Wound up with more time to work today… Dane and I bundled up and actually got some things done.

First off, here’s a picture of the (now dry) front deck with the bed liner material. It came out looking really nice, I think. Please excuse the ball of masking/edging tape and the dirty footprints. Dane had been removing the tape. As for the footprints, we’ll soon be seeing how easy this stuff is to clean. Apparently water, soap and a stiff brush are in order. It certainly seems tough enough to deal with that.

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Speaking of masking tape… the supplier recommends removing the tape as soon as the Durabak is dry. Of course we left it in place for a couple of weeks since we were going to have to put on a second layer. I now concur with the manufacturer and recommend its prompt removal. Dane REALLY, REALLY recommends removing it promptly, since he got most of the scraping duties.

While he worked on that, I put in the sole supports for the helm platform and got it fitted into place. Moved on to getting the vertical bulkhead the seals off under the helm area. Got it all cut and notched and in place (not fastened yet).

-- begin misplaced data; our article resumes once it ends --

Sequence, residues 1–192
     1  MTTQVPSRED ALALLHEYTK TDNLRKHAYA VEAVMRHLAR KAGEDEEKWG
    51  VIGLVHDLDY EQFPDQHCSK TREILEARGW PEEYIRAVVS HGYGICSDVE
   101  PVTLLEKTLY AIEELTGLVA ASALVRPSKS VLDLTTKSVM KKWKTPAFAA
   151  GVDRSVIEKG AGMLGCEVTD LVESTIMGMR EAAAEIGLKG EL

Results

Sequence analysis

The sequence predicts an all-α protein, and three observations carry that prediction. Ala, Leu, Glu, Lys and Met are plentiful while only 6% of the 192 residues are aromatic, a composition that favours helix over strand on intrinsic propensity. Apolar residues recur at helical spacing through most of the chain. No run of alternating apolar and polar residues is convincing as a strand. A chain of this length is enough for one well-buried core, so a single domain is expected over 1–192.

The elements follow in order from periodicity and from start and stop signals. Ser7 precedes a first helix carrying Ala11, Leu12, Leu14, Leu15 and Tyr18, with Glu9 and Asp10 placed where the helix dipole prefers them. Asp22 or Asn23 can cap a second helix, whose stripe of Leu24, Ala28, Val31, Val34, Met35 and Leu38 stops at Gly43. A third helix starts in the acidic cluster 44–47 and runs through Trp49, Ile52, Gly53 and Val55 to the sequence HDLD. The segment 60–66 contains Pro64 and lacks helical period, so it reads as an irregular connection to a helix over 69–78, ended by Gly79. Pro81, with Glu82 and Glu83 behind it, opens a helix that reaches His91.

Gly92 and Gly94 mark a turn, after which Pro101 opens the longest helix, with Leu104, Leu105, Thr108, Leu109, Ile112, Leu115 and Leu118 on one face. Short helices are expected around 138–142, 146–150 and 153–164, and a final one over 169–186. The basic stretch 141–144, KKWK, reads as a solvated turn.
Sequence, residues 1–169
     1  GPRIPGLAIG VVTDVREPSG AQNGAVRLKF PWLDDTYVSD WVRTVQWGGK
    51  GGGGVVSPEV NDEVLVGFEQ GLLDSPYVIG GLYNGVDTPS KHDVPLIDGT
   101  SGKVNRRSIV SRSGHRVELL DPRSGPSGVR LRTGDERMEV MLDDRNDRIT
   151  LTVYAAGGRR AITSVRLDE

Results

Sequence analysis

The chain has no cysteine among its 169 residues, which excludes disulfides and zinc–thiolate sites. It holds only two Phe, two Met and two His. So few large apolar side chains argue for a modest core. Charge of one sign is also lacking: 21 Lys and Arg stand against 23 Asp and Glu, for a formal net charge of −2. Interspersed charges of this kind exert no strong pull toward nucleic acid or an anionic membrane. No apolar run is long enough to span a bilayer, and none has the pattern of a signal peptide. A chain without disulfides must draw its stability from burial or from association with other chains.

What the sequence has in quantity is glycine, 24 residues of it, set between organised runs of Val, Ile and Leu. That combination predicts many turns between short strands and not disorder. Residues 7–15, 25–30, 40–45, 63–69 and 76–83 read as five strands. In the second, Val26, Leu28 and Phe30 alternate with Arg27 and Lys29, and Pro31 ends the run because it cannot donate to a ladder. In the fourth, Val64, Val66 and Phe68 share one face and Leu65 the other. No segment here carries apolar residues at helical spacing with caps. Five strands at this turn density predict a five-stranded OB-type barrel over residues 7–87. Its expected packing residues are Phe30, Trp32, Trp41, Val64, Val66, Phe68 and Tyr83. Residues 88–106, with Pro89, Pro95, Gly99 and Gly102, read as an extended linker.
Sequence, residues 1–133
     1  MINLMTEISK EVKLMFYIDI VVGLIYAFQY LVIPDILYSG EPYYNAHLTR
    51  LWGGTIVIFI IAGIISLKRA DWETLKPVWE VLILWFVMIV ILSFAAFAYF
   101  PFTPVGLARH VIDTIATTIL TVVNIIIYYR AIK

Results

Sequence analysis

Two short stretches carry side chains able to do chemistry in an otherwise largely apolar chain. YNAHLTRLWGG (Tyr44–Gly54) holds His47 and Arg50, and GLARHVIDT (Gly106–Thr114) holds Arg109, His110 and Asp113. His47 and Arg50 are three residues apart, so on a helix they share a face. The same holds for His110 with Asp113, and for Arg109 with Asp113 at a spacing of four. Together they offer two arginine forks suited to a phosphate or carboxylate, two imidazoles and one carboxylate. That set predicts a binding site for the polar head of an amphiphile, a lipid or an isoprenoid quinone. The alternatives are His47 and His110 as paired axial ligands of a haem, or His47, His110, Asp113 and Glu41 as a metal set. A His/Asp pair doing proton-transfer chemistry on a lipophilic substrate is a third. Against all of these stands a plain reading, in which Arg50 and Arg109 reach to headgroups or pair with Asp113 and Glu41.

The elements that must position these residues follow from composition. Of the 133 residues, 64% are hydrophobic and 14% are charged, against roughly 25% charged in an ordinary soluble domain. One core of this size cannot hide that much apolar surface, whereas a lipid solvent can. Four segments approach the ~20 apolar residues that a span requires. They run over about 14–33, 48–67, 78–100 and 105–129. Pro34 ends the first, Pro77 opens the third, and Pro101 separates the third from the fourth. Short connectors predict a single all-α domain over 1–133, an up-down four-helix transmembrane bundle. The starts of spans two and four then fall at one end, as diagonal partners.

Dane moved from tape removal to vacuuming and cleaned a bunch inside. We still have a ways to go on that, but since we keep cutting and sanding in there, it just keeps getting messy.

At the end, we had the floor mostly in place (one piece removed since we were working in there), the helm platform in place, and the initial pass at the couch/bench seat on the port side base sitting in place. It really kind of looks like a boat.

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Did some measuring on how we’re going to handle the head (bathroom) wall and the galley cabinets. On the galley cabinets, the plans call for a built-in section of cabinetry. Given my “fine” woodworking skills, I’m thinking seriously of using a prefab cabinet unit or two. They are inexpensive, reasonably well made these days, and quick to put in place. I would be a long time building something as nice. Have to think on that more.

Money = $8.69 (screws) + .61 tax = $9.30

Time = 2 hours

Floors

Was supposed to rain most of the day, but wound up not getting much until after dark, so we got a bit done.

Seems to have all been geared around floors (soles). First off got the next (hopefully final) coat of bed liner on the forward deck. Seems to look really nice and is tough as nails.

Then cut and laid in the center cabin sole sections for the front half of the cabin. This involved removing some of the temporary roof supports (seemed to be ok) and laying in 3/4" plywood sections. It’s nice to be able to walk without climbing around quite as much.

After that (and lunch) we picked up another 3/4" sheet of ply and I cut the section of "helm platform". This will serve as the floor under the starboard helm area and the eating area. Took quite a few trimming cycles before I got it to fit around all the frame members and cabin support posts, but it seems to have done ok.

I still need to tack in some edge supports for the helm area, but that should be straightforward.

Money = $29.88 + $2.09 (tax) = $31.97

Time = 4 hours